baby's first holiday
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Baby’s first holiday

Planning to take your little one on their first holiday? Here are some travel essentials and tips for a stress-free family get away.

You don’t have to stop going on holidays just because you now have a baby. Realistically, you will probably spend the majority of your time away entertaining and comforting your baby, but it can be an enjoyable experience for everyone if you spend some time planning and preparing. Follow these strategies and tips to make travelling with baby a success.

Eating on the go

Food pouches are really handy for feeding hungry little ones when you’re mid travel. You can squeeze the food straight onto a spoon so there’s no need for a bowl.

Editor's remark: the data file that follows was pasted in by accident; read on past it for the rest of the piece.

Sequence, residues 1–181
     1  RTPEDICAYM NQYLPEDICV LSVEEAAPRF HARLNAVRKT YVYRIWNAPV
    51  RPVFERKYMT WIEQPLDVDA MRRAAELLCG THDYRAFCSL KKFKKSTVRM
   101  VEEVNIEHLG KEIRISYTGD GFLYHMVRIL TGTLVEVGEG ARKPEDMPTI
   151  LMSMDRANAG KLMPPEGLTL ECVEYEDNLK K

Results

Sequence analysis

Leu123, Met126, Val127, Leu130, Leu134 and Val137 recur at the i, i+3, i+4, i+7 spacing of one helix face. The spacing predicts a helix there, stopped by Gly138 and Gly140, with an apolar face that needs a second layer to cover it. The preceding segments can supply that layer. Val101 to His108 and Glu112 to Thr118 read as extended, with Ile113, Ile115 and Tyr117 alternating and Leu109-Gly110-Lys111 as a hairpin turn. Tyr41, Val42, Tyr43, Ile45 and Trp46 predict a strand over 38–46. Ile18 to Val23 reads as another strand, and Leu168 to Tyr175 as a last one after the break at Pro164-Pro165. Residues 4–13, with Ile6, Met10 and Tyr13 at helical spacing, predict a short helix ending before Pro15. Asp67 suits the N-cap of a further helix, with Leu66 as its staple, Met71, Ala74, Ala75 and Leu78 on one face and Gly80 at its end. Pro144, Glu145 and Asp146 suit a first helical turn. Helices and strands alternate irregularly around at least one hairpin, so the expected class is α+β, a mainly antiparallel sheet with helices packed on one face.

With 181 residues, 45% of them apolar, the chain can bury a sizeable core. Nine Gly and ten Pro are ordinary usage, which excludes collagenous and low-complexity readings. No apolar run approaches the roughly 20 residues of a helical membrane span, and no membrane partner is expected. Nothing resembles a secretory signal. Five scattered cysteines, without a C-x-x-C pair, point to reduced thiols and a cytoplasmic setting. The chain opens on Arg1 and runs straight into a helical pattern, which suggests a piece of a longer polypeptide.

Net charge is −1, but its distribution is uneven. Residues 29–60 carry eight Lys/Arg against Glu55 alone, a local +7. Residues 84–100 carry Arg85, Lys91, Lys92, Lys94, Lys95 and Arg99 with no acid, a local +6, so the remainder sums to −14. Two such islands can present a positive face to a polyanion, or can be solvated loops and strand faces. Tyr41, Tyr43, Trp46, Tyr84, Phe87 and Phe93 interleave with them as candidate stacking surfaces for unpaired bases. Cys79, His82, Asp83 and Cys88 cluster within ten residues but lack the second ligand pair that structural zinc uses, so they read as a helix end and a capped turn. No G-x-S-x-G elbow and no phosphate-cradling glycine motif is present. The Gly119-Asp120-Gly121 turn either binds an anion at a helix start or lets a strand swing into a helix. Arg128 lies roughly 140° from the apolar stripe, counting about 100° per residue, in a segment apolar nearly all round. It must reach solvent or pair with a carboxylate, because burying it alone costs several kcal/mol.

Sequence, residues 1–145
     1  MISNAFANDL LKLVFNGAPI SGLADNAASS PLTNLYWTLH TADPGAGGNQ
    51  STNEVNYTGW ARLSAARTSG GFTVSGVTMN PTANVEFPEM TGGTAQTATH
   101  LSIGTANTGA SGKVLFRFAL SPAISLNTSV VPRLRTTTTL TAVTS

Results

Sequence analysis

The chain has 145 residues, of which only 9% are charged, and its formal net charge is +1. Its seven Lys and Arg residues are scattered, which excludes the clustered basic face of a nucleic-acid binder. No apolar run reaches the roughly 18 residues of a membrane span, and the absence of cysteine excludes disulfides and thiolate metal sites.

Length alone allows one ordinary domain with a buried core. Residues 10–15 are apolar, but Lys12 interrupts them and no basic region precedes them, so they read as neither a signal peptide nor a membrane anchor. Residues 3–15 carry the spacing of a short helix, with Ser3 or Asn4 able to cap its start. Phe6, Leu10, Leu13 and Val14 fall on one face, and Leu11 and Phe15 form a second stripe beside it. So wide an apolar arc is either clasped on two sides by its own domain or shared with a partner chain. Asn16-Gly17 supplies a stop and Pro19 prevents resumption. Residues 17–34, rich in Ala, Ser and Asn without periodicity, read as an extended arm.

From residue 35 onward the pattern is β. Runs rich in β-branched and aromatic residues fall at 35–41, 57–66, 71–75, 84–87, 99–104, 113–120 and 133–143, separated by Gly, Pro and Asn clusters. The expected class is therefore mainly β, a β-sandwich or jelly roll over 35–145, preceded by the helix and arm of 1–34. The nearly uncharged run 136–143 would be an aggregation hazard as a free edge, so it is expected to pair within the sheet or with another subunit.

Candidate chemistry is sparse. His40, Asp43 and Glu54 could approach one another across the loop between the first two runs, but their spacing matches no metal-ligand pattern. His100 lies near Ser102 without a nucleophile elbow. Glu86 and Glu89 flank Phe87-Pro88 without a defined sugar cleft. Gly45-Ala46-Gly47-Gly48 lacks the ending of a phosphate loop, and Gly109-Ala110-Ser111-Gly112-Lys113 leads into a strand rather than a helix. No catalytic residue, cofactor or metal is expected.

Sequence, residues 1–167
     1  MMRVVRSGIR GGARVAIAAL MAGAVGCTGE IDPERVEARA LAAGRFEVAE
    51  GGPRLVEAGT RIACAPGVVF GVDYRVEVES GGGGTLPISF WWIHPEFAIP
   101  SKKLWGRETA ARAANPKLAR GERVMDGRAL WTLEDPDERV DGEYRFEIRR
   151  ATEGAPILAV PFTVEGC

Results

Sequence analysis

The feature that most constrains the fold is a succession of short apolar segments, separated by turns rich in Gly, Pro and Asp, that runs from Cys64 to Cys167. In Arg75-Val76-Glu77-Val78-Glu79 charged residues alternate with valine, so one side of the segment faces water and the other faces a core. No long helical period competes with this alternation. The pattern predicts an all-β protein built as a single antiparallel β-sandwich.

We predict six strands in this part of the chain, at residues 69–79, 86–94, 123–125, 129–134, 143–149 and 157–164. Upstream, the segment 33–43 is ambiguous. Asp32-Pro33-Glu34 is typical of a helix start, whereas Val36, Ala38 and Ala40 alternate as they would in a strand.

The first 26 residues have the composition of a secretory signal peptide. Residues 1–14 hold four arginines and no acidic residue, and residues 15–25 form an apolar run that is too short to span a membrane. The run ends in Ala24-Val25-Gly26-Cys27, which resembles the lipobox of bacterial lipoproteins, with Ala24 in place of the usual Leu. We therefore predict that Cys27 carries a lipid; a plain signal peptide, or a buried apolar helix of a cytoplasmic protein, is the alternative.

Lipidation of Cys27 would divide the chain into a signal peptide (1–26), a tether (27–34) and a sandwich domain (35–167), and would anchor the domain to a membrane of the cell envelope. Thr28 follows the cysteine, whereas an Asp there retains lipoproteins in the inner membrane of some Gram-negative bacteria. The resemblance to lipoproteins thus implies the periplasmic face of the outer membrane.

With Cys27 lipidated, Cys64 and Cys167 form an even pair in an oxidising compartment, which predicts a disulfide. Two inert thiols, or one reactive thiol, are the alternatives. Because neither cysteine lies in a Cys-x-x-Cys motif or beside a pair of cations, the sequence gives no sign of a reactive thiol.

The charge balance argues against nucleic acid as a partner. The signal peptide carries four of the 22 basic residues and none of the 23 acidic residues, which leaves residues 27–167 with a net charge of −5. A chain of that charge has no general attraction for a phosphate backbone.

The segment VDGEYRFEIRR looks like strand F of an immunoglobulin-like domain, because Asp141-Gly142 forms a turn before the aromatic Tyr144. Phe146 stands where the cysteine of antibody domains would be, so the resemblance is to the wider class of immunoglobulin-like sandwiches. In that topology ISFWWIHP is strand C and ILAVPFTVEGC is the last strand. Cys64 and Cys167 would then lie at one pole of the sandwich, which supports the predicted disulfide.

Don’t forget to pack the essential feeding equipment supplies such as: steriliser, formula, bowls, feeding spoons, bibs, bottles, breast pump, homemade/ready-prepared baby food, snacks, plastic bag for rubbish or dirty items. Your baby’s routine may be all over the place due to early starts or late flights, so she may be hungry when you’d expect her to nap. Try to offer her regular breast or bottle feeds.

Nappy supplies

Use a compact changing bag that is designed for travel. Don’t forget to pack a portable changing mat, nappy accessories such as nappy rash cream, wipes, nappies, nappy bags.

Pack sun protection

Sunscreen isn’t recommended for babies under six months of age, so invest in a parasol that can be attached to the side of the pram. UV pop up tents are ideal for providing sun cover for your baby while they play and shelter during nap times. A sun hat will help to protect the sensitive skin on your baby’s head, ears and neck. Full body sun suits and hats for children under six months are a good alternative to sunscreen. Other essentials include a sunglasses, sun lotion, sun visor/parasol for the pram and car window shades.